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Guest blogger: Alissa Callen

3 January 2016

Alissa CallenThe making of a country heart

Country life has a way of slipping into your psyche and holding you close so you never want to leave.

I’ve always lived far from the city fringe. I feel the safest when a night sky is lit by stars not streetlamps. I feel the most serene when silence is interrupted by cicadas and not sirens. I feel the most at home when surrounded by isolation instead of neighbours.

The eldest of seven children, I grew up chasing sheep on a family farm outside Tamworth. Summer days were spent catching yabbies in dams and wet winter afternoons riding through temporary creeks. There were also life lessons to learn. Droughts parch more than the earth. Bushfires burn more than windmill grass. And small communities are the heart of the bush.

Post-school, I lived in the Rocky Mountains in Colorado as an exchange student. Here my attachment to rural areas and small towns grew. Elk grazed in my front yard instead of kangaroos. Golden aspens shivered in the autumn air instead of evergreen gum trees. And while the accents might be different, everyone still knew each other’s names.

I returned home and went to a country university. Here I met my country boy. After time overseas experiencing English country life, I was married in a tiny, Virginia-creeper covered country church, near Uralla, NSW. Married life saw us head out west to Nyngan where my husband was the rural financial counsellor and I taught in tiny, one-teacher schools. On the edge of the outback there were no hills (only the levee bank around town) but there were endless sunsets, long river walks and strong community spirit.

When the first of our four children arrived, our needs changed, and we headed two hours east to the regional centre of Dubbo. We bought a small farm with a large country garden and here we have stayed. Our feather and fur kids include dogs, cows, horses, ponies, chickens and Pekin ducks. The mechanical horse power in the sheds only gets faster and noisier as motorbikes are outgrown and ute and tractor driving skills acquired.

My little farmers are now teenage farmers. Resilient, compassionate and hard working they represent the best of what growing up in the bush can offer. They will soon leave to spread their wings and I have no doubt they will return to the country life that is part of who they are and that we all love. A country life that I’m privileged to spend my days writing about.

You can find Alissa here: Website | Facebook

You can find Alissa’s books here: Outback Dust seriesWildflower Ranch series

Hold Me CowboyHold Me, Cowboy

Marietta home town girl Kendall Dixon knows who she is and what she wants, even if the stubborn and slow-smiling cowboy who owns her heart is long gone from Montana.

Rancher Brent Ashton returns to Marietta to care for his sick mother. Haunted by the death of his father, he is determined to save his derelict home and to resist rekindling the romance with the only girl he’s ever loved. He can’t let sacrifice her dreams for him.

But the shy and sweet Kendall he left behind has become a strong and determined woman. A woman who won’t let her cowboy walk away for a second time.

10 Comments
  1. Shelagh Merlin permalink
    4 January 2016 1:31 pm

    I really enjoyed reading a little about your background, Alissa. Like you, I love gazing out at the bush around our home, watchng the kangaroos come in at dusk and sitting out under the lear night sky in the evening. In the morning my alpacas wander up to the bouse and graze for a little while before heading off into the trees. Life in the country is idyllic for me and I love the way you bring the country life into your books.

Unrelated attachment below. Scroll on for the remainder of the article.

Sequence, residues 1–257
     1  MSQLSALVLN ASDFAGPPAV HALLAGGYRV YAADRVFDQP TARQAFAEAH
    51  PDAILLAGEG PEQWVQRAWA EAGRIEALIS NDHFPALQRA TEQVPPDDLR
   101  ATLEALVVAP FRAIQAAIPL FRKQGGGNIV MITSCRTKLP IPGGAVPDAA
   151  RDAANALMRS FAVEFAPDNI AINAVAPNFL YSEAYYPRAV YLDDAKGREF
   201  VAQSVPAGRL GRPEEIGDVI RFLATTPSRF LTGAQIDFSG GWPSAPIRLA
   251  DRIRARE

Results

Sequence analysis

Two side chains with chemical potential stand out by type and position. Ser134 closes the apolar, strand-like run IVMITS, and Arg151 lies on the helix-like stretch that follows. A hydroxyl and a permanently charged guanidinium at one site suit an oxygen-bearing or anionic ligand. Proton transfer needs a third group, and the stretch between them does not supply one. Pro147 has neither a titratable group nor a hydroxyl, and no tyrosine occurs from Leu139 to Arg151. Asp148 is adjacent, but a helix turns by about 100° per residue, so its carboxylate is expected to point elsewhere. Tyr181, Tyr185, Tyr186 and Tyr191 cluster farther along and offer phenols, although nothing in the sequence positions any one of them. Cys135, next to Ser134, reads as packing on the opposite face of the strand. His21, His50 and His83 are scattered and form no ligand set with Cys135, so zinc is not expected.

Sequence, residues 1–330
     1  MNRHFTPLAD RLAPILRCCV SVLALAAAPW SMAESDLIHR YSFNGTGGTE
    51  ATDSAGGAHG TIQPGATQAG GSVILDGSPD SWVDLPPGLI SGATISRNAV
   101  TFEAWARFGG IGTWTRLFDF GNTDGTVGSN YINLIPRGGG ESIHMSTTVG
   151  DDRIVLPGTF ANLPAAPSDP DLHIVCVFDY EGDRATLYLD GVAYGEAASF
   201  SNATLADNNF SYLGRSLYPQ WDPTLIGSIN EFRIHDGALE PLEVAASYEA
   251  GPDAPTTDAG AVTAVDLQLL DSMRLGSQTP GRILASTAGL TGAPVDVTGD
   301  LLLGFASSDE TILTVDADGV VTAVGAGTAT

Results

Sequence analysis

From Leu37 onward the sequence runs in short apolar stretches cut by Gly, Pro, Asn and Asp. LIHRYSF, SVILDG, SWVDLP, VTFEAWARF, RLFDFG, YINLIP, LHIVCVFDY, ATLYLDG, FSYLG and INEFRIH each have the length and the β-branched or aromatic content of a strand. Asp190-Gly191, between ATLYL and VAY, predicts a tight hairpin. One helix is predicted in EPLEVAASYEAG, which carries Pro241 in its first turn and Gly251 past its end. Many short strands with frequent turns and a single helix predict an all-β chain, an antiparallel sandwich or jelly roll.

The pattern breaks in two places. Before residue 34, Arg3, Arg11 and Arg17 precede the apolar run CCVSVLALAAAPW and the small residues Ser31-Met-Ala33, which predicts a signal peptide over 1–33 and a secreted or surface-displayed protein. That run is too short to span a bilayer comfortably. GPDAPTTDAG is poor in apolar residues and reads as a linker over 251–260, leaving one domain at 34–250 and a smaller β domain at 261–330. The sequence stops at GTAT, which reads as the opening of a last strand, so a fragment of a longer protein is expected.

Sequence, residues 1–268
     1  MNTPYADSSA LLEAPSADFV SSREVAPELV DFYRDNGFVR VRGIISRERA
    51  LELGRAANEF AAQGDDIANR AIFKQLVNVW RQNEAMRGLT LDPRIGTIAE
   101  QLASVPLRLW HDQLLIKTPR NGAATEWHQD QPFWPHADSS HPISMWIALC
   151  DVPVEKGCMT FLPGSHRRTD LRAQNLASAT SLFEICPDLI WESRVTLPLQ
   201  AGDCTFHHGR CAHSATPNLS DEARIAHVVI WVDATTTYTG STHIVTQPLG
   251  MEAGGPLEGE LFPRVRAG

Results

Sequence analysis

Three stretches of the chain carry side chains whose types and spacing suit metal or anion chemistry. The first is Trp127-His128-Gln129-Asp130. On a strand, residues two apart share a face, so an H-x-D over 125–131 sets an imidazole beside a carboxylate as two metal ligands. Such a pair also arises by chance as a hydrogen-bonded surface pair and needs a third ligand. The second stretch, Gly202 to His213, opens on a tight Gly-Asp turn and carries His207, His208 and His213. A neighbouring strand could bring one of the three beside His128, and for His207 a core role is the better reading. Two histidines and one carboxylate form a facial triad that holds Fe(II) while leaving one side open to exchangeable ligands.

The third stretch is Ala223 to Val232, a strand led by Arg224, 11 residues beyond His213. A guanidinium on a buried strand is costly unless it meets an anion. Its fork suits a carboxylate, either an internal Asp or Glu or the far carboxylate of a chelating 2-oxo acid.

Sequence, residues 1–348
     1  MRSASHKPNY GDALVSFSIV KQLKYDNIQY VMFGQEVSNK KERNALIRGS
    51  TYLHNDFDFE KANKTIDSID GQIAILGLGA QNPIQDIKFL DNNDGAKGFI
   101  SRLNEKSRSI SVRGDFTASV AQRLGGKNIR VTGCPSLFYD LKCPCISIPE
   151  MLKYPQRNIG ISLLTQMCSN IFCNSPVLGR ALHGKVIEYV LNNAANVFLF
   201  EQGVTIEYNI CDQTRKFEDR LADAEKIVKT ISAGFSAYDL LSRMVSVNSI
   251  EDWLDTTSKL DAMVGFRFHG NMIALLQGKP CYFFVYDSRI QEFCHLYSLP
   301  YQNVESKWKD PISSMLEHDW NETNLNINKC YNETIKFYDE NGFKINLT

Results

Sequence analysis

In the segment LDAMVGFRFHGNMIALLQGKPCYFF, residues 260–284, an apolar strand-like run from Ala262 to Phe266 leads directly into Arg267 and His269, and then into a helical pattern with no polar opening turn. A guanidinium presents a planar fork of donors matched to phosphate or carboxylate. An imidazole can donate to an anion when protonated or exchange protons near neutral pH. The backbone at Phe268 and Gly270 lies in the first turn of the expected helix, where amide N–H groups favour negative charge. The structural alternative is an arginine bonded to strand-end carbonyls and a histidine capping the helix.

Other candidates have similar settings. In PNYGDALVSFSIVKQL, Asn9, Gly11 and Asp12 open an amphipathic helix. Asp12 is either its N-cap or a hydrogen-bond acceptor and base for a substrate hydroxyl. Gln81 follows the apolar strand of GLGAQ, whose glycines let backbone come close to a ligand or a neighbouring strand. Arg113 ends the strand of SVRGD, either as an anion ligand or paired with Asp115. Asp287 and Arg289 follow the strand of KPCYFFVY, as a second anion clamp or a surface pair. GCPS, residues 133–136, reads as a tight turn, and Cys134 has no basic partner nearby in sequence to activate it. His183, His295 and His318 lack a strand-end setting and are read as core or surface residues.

• 5 January 2016 9:12 am

      Hi Shelagh,

      lovely to see you here:) Yes country life is wonderful and with all our recent rain all the kangaroos have returned. I even had 2 last night stay still and really close while I walked past. Your alpacas would be adorable! My youngest is still working on her father to get a kitten and an aplaca!!

  2. 3 January 2016 1:34 pm

    Lovely insight to your life and where your ideas come from Alissa. I enjoyed your post as I do your books.🙂

    • 3 January 2016 6:54 pm

      Hi Hayson, thanks so much for reading this post:) Do love living where I do – especially when it is school holidays and I have two noisy teenagers I can send up the paddock! Alissa x

    • 3 January 2016 6:55 pm

      Hi Suz, Hugs! Thank you:):) Alissa x

  3. 3 January 2016 12:48 pm

    Fabulous post, Alissa. I would love to live in the country, it sounds heavenly. I’m looking forward to reading Hold me Cowboy – sounds fabulous. Congratulations!

  4. melteshco permalink
    3 January 2016 11:00 am

    I’ve just learned something more about you Alissa – great insight!

  5. 3 January 2016 10:42 am

    Hi Helen,

    Your visits to your Pop’s central coast farm sound very special:) My husband used to visit his grandparents there too and we were lucky enough to be able to take our eldest daughter there while they were still alive.

    Take care,

    Alissa

  6. helensibbritt permalink
    3 January 2016 10:15 am

    Hi Alissa

    What a great post although I have always lived in suburbia I have always wanted to live in the country my grandparents had a small farm on The Central Coast of NSW and I spent a lot of time there for holidays we had cows that had calves that my Pop was naming after his grandchildren LOL we never got as far as my name we grew vegies and sold to the local fruit market had adventures in the bush so much fun. The Farm as we called it is long gone now but the memories are there I think that is one of the reasons that I love rural romance so much and I have a lot of them to catch up on just need more hours in the day🙂

    Have Fun
    Helen

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